environment makes people aggressive and aggressiveness
necessitates artificial moral control. People in such
environments develop linear intelligence and they become
practical, their approach to the environment being characterized
by one of aggression, competition, exploitation and manipulation.
It is said that science and technology are the result of this
kind of approach to the environment.
In contrast, people in a very warm climate
are likely to be `Thamasik'. This kind of temperament is
characterized by laziness and inertia. In a very hot place, it is
unpleasant to keep working, because of perspiration and fatigue.
In the tropics, the seasons do not change much and resource
extraction is easy throughout the year. This kind of climate
makes for an attitude of surrender and the approach to the
environment is marked by fear and superstition.
The moderate climate is most conducive for
the `Sathwik' temperament. This is characterized by an awareness
of oneself and the relationship of the environment to one's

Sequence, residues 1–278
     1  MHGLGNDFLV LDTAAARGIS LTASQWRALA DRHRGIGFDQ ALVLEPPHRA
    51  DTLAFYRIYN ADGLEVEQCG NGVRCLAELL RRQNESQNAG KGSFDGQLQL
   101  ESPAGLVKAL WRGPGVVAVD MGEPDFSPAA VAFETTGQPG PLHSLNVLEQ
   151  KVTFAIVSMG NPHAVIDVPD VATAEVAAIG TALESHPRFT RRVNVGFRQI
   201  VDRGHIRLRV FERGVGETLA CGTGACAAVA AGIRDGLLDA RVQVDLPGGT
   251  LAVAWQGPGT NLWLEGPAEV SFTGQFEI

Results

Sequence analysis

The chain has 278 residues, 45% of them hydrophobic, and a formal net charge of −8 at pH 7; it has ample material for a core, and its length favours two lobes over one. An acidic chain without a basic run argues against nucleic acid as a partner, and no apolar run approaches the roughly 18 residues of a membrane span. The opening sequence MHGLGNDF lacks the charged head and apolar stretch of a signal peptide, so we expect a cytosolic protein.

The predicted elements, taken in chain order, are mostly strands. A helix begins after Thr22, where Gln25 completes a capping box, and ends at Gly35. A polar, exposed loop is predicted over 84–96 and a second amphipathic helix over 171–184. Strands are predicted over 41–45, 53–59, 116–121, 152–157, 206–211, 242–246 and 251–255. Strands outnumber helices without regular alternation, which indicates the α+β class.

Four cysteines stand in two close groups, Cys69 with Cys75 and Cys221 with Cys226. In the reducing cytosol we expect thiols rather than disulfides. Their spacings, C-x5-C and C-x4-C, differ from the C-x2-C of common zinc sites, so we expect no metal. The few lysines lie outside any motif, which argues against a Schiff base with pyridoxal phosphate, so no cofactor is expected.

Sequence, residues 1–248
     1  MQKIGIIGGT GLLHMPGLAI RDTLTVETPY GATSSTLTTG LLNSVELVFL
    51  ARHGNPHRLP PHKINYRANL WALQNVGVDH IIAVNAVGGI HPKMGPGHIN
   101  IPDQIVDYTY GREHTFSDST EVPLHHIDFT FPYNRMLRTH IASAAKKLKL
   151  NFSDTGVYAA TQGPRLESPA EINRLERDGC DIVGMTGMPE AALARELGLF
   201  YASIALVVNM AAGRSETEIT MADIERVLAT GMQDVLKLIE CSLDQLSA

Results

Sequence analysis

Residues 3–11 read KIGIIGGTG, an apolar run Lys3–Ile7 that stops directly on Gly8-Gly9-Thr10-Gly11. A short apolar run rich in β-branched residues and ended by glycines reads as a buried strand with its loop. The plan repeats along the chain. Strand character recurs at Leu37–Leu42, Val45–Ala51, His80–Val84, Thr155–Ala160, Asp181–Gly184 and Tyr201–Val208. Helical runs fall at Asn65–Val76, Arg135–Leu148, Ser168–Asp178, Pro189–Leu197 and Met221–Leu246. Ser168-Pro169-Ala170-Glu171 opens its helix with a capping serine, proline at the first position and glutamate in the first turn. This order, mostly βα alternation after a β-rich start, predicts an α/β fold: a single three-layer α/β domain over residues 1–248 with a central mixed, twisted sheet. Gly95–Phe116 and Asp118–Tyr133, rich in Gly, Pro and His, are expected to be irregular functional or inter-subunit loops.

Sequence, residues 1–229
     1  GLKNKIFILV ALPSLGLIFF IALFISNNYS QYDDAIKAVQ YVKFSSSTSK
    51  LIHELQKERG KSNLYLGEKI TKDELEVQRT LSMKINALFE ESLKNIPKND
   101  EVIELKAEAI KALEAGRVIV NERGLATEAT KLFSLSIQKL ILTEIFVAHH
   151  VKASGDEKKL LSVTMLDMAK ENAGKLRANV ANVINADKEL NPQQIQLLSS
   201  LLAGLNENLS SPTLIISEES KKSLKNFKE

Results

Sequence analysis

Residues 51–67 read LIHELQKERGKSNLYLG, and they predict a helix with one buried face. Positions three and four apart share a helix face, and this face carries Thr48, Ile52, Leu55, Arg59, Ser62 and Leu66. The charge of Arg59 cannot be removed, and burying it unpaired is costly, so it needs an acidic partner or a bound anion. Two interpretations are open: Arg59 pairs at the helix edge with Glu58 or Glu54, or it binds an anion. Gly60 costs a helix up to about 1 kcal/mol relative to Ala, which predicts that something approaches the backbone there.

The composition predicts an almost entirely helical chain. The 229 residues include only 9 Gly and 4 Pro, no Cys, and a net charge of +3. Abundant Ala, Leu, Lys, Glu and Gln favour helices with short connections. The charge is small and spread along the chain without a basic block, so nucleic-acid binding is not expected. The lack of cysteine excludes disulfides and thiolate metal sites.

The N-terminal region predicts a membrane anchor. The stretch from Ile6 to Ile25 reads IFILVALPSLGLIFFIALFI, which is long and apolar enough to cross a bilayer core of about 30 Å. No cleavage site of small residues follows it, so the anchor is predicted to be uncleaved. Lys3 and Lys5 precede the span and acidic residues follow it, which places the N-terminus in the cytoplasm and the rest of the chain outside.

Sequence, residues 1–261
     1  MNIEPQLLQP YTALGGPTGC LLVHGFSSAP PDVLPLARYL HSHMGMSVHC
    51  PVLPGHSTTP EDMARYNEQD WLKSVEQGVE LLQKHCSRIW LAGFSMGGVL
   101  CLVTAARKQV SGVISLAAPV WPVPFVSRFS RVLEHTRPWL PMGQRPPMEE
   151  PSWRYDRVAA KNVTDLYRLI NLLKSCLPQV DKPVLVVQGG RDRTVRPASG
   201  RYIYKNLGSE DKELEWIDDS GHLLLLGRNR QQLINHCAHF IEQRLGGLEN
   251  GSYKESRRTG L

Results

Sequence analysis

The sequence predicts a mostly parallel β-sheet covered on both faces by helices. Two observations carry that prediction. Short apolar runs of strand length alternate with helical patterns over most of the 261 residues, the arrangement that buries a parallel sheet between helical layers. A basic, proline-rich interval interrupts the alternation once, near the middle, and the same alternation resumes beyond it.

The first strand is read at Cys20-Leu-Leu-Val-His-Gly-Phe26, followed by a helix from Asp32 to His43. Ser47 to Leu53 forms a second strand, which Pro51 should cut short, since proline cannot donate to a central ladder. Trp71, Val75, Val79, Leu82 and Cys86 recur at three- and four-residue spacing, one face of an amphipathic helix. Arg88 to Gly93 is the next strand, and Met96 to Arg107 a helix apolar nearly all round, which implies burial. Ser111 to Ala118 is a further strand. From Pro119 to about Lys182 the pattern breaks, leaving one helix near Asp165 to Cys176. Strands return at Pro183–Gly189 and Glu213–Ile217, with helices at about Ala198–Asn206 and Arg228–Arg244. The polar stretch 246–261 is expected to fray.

adjustment. Consequently the Sathwik approach involves living in
harmony with the environment. The insight into the role of the
environment in our well being leads to a felt need to conserve
the natural environment. The Sathwik temperament is holistic,
intuitive and well balanced.
Every animal is at home in its natural
environment and in unnatural settings, its behavior becomes
deranged. It has been shown that animals have behavior needs
related to their natural habitats. For example, a polar bear
which catches fish has the need to perform the movements involved
in catching fish. In captivity, if the bear is deprived of the
opportunity to satisfy this need, it will exhibit symptoms of
behavior starvation, even though it is given enough food. Many
caged animals show symptoms of abnormal behavior like
compulsions. Increase in population density beyond the optimum
point is also part of alteration of the environment and this